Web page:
4 tips to prevent carbon monoxide poisoning this winter

4 tips to prevent carbon monoxide poisoning this winter


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SALT LAKE CITY — Although this winter has been unusually warm, cold weather is on its way, which means many Utahns will be cranking up the heat in their houses, increasing the risk for carbon monoxide poisoning.

Furnaces and other heating elements that burn coal, wood, charcoal, propane and natural gas all produce carbon monoxide, according to the Intermountain Utah Valley Regional Medical Center. The gas is odorless and prolonged exposure can cause serious health problems and even death.

Marc Robins, Utah Valley Regional Medical Center Hyberbaric Medicine director, gave several tips in a news release to help alert people to the side effects of carbon monoxide poisoning and how to reduce the risks of exposure.

Schedule a check-up for furnaces, hot water heaters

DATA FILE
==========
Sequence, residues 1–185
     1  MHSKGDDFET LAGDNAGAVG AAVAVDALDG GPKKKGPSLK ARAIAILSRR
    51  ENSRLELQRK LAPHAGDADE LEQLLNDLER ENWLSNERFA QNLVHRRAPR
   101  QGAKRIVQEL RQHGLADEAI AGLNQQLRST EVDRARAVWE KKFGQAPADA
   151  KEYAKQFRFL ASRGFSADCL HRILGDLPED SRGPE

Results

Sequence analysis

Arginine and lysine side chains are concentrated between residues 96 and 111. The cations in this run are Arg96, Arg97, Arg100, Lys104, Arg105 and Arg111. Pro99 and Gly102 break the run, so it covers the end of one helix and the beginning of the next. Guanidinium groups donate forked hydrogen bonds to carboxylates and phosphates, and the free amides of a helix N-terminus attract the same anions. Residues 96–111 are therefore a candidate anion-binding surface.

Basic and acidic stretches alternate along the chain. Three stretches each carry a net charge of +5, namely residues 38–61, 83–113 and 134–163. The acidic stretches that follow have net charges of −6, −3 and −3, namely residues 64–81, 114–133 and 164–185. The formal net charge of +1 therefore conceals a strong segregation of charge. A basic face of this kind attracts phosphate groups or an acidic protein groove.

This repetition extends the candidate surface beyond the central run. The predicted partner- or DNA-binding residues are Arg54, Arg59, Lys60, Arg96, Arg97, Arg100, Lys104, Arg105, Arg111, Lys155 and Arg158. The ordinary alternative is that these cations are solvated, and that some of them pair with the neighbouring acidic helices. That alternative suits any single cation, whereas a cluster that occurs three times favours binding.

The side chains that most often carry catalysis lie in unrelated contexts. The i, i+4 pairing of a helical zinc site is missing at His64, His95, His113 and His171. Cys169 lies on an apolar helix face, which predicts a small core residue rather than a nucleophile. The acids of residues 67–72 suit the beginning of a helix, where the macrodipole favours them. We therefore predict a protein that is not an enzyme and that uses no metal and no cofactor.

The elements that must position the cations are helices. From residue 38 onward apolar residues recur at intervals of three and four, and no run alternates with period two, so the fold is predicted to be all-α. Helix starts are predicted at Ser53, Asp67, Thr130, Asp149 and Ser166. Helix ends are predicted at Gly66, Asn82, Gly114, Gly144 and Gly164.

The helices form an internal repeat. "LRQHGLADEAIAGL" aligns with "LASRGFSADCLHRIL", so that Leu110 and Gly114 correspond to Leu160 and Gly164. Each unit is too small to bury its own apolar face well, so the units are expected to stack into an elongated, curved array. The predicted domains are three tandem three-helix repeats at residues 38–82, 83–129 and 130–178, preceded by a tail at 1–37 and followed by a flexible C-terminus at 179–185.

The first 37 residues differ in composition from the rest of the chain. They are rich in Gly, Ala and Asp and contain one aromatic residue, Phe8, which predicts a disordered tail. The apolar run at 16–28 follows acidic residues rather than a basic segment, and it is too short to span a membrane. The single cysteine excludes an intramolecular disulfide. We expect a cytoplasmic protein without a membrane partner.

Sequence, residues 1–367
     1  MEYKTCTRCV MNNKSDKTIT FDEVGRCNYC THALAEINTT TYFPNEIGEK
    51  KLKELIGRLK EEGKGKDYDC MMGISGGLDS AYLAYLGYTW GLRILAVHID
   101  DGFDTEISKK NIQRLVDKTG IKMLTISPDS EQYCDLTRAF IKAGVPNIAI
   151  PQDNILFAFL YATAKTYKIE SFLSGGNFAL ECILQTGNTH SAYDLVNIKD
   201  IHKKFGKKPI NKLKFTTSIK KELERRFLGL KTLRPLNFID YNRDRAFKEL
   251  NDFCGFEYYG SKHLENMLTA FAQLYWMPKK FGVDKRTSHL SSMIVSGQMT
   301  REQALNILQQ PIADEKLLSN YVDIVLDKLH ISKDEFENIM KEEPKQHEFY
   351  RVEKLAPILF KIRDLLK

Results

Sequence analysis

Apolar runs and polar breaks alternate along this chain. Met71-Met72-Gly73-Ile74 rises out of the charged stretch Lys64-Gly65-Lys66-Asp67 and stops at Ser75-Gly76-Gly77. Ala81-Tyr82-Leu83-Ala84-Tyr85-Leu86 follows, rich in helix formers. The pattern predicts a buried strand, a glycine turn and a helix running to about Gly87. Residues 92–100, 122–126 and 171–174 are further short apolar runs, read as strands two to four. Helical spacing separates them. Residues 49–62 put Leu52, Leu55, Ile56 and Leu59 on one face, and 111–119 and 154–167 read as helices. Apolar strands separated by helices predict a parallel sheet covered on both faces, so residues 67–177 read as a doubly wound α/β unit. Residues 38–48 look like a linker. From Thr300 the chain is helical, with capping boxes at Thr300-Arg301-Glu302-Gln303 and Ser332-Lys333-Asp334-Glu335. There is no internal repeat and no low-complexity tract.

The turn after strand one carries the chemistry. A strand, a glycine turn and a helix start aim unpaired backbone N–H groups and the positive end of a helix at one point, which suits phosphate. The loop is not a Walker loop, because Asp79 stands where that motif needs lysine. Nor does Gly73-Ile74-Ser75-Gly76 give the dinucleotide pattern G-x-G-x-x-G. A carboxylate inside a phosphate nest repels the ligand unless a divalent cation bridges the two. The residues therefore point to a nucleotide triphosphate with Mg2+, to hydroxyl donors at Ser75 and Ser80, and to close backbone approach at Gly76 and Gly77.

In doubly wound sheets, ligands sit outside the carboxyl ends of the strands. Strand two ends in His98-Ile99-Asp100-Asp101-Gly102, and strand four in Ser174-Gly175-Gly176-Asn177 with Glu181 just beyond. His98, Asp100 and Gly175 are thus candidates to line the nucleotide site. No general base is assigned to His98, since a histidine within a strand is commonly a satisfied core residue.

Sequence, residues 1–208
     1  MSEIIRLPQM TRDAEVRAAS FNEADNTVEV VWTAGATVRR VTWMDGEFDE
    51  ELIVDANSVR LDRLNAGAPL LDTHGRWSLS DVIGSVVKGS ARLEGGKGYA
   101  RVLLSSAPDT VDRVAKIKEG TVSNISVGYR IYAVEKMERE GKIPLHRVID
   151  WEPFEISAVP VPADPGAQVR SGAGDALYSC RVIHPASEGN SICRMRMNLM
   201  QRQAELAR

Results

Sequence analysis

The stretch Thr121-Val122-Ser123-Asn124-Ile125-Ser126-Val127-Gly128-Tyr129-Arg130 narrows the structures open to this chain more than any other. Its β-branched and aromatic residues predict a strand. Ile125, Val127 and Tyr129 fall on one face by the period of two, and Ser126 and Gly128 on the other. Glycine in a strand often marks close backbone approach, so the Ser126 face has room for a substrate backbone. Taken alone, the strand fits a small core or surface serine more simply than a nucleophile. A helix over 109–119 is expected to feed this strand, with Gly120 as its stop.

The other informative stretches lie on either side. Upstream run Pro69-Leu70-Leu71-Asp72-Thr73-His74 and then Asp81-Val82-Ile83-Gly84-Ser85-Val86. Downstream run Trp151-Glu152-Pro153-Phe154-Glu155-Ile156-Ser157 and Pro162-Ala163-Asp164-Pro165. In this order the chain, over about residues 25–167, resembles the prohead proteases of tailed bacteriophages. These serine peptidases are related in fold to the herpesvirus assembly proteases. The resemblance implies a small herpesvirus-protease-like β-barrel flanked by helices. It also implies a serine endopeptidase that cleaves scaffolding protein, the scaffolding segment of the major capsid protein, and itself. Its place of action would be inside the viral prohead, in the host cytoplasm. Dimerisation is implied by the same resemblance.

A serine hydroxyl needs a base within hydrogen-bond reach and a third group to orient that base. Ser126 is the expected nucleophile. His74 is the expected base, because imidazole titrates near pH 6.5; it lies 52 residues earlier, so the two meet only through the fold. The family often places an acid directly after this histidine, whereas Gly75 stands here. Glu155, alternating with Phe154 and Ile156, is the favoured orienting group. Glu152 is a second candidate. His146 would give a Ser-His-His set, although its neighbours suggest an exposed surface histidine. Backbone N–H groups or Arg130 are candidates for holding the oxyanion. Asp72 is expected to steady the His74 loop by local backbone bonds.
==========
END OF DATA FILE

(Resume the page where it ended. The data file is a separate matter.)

Robins suggests that people have a check-up for their furnace and hot water heater. All gas-fired heating appliances should be checked by a heating and air conditioning professional each year to ensure there aren’t leaks.

Have a carbon monoxide alarm

A carbon monoxide alarm should be placed in each home or business. Robins recommends alarms that have a digital display and meet the UL2034 standard. Alarms with digital displays add an additional level of protection against high carbon monoxide levels.

Replace carbon monoxide alarms

Carbon monoxide alarms should be replaced every five years, Robins said in the news release. People should also make sure to check the batteries in the alarms twice a year and should consider taking one when they travel.

Learn the symptoms of carbon monoxide poisoning

Exposure to carbon monoxide can be lethal and sometimes there are no warning signs. However, common symptoms of low carbon monoxide exposure include headaches, fatigue, confusion, dizziness, achiness, the feeling that something’s not right and even loss of consciousness, the news release said.

“Be suspicious of carbon monoxide if several people have flu-like symptoms all at once, especially if fever is absent,” Robins said in the news release.

People should also pay attention to see if the symptoms decrease or stop when they leave an area. If anyone suspects carbon monoxide poisoning, they should immediately leave the area and call 911.

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Faith Heaton Jolley


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